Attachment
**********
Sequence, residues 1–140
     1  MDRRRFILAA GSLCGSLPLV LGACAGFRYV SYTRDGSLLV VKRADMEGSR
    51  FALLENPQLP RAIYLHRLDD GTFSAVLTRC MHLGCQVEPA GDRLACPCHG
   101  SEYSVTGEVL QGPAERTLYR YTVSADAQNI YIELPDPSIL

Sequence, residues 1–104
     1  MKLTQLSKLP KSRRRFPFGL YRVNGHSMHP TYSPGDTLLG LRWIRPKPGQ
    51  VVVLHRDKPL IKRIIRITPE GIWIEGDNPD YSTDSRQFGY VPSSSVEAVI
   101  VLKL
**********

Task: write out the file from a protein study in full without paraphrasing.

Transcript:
Sequence, residues 1–140
     1  MDRRRFILAA GSLCGSLPLV LGACAGFRYV SYTRDGSLLV VKRADMEGSR
    51  FALLENPQLP RAIYLHRLDD GTFSAVLTRC MHLGCQVEPA GDRLACPCHG
   101  SEYSVTGEVL QGPAERTLYR YTVSADAQNI YIELPDPSIL

Sequence, residues 1–104
     1  MKLTQLSKLP KSRRRFPFGL YRVNGHSMHP TYSPGDTLLG LRWIRPKPGQ
    51  VVVLHRDKPL IKRIIRITPE GIWIEGDNPD YSTDSRQFGY VPSSSVEAVI
   101  VLKL